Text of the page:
Comment: Dear stranger, my baby and my life are not your business

When you are a mother you becoming a sitting target for unwelcome advice.
When you are a mother you becoming a sitting target for unwelcome advice. Photo: Greg Newington

In this "me, too" moment, thousands of women are sharing the forms of unwanted attention we get from men. Lately I've been more sensitive to the unwanted attention I get from women. This attention has nothing to do with being a sex object, and everything do with being another kind of object with a place in the patriarchy: a mother. Being a mother, or an expectant mother, makes one's body, intentions, and moral choices into public property to be freely critiqued, questioned, advised, and disputed by strange women. I used to find it bewildering. Now it simply infuriates me.

As a pregnant woman I found that unwanted attention from men pretty much disappeared, which was a blessed relief. But the attention from women strangers was only just beginning.

I had passed from being a young liver-damaged mum to an inspiring example of "Old Woman Gives Birth"

"You're having a girl," one woman informed me, walking down the street. "No, actually..." I began. "I can tell by the way you're carrying," she continued, oblivious. "So high!" She resisted the urge to touch my apparently high belly. Not every enthusiastic stranger was so polite.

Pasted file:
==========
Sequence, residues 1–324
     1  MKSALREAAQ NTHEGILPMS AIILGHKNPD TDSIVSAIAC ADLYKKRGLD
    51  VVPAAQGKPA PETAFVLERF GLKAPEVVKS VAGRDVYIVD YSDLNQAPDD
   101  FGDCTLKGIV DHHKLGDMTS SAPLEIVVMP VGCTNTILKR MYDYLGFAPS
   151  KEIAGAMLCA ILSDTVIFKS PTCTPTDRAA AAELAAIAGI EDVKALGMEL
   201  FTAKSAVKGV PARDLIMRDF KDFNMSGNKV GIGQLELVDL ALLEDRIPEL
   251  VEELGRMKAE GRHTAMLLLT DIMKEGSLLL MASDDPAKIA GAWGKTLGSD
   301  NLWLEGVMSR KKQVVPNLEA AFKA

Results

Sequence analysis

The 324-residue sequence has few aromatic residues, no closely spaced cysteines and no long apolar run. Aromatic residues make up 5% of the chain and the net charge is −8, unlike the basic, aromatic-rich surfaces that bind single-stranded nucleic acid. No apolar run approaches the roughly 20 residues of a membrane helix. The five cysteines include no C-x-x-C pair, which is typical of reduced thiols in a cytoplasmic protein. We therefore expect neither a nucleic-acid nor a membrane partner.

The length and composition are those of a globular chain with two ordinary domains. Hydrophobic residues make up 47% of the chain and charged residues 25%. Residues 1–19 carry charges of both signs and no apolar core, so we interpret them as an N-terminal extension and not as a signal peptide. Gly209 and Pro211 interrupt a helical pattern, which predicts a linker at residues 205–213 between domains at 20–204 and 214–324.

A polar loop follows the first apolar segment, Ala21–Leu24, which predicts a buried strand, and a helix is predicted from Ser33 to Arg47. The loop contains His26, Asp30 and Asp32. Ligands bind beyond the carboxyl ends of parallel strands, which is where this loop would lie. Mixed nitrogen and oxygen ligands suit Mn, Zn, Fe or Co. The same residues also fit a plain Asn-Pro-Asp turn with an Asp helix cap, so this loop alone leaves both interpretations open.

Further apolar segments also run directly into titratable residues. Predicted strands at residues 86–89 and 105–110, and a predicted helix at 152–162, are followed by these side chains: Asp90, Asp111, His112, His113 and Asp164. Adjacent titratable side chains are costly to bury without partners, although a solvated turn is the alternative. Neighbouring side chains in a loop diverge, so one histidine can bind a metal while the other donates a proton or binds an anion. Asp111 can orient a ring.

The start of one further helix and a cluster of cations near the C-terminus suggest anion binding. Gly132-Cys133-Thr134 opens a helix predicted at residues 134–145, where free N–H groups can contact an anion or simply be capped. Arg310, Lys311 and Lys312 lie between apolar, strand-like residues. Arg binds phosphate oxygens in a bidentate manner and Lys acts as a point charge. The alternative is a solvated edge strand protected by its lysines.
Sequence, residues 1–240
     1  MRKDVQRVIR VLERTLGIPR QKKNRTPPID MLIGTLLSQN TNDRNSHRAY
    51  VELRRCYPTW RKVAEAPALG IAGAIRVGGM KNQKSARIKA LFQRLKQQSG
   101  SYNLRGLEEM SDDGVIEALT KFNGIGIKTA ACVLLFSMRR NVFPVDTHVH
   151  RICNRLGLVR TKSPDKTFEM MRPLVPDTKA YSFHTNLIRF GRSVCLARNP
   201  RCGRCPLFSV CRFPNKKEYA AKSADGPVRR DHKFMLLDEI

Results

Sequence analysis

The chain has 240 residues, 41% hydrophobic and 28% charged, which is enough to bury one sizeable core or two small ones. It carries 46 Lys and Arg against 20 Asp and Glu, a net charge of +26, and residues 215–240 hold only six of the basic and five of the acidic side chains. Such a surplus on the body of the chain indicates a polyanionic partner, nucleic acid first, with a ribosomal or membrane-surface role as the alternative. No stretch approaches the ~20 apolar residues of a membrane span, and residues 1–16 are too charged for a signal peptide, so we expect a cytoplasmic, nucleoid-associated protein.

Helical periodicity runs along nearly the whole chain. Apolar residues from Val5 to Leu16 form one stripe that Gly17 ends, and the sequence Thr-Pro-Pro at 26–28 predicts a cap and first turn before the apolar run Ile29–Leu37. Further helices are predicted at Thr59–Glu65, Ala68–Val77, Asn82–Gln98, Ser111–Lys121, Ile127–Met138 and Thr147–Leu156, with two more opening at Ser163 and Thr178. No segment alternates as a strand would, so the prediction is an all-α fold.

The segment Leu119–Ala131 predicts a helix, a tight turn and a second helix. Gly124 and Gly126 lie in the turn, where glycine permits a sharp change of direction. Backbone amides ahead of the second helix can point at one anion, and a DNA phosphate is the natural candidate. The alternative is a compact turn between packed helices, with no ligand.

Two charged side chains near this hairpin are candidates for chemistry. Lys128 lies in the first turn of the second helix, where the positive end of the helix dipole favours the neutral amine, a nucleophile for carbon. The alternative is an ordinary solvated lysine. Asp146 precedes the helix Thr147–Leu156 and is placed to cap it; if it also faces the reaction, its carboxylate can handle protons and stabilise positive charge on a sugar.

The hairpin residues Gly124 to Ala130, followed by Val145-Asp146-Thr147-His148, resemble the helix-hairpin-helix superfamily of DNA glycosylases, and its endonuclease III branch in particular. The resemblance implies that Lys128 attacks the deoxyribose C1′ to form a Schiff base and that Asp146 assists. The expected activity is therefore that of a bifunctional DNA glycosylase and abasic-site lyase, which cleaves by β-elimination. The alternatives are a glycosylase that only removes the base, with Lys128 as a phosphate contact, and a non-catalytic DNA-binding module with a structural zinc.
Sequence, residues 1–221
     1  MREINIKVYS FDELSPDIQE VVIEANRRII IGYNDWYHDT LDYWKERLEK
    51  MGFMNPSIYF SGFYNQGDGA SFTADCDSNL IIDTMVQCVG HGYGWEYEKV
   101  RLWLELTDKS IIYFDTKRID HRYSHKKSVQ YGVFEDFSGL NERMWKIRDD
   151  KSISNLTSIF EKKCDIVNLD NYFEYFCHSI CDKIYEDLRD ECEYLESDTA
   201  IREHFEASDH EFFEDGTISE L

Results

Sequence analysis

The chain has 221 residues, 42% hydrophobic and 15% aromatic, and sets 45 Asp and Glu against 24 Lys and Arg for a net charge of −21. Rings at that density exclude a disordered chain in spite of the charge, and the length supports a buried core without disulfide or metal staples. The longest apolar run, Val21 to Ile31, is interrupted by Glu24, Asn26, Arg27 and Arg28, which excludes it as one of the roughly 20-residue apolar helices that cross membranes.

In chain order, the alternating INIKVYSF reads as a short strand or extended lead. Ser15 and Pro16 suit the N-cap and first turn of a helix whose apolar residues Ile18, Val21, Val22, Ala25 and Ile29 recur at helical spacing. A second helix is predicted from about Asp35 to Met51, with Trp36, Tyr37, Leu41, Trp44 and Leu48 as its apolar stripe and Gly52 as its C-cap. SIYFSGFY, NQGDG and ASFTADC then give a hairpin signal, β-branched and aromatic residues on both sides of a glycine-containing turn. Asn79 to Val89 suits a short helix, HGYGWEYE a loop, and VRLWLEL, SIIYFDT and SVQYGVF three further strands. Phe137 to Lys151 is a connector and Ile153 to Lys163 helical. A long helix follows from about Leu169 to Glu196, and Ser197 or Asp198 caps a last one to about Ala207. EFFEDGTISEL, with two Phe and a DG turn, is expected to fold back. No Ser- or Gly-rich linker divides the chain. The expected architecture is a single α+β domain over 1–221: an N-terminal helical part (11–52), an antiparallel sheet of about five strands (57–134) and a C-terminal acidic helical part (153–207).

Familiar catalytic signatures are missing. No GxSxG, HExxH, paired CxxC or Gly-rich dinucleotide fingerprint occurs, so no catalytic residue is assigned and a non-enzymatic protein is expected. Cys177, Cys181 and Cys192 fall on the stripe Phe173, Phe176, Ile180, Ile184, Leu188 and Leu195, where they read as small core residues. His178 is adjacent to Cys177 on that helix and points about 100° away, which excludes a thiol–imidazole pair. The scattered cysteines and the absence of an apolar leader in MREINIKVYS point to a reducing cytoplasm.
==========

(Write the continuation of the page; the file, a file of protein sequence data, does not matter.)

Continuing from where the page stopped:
Author Kirsten Tranter discovered what they don't tell you in the baby manuals.
Author Kirsten Tranter discovered what they don't tell you in the baby manuals. Photo: Daniel Shipp

"You're having twins," another woman on another street insisted. (I was, in fact, incredibly huge.)"No, actually..." I began again, but she was adamant. I don't know what to call this – the female mother-oriented version of mansplaining? The hugeness of my belly was remarked on by strangers and acquaintances so frequently it was impossible to keep track. Remarks often came along with unwelcome observations about how my small frame made my pregnant belly look even bigger.

This was only one aspect of the cascade of advice and opprobrium from strange women that continued throughout my pregnancy and beyond. I was not bold enough to drink a gin and tonic in public but I did continue to drink my one coffee a day, when I could stomach it. A fellow graduate student I barely knew stopped me in the campus lounge one day when I was about eight months along, eyeing the drink in my hand. "Should you be drinking coffee?" she asked. "It's decaf," I replied, feeling that now-familiar spike of fury, and muttered "and you can f--- right off," silently, in my head.

I have met grimaces from men and women when I have breastfed on airplanes and disapproval when I have shaken up formula in a bottle in cafes. And every parent knows the excruciation of caring for a crying baby in public. "He's cold." "Does he need changing?" "He's hungry." "He's teething. Have you tried a cold washcloth/a frozen banana/a teething ring/a rusk/homeopathy?" I think I actually cried when I read a satirical piece in McSweeney's by Wendy Molyneux titled Hello Stranger On the Street, Could You Please Tell Me How to Take Care of My Baby?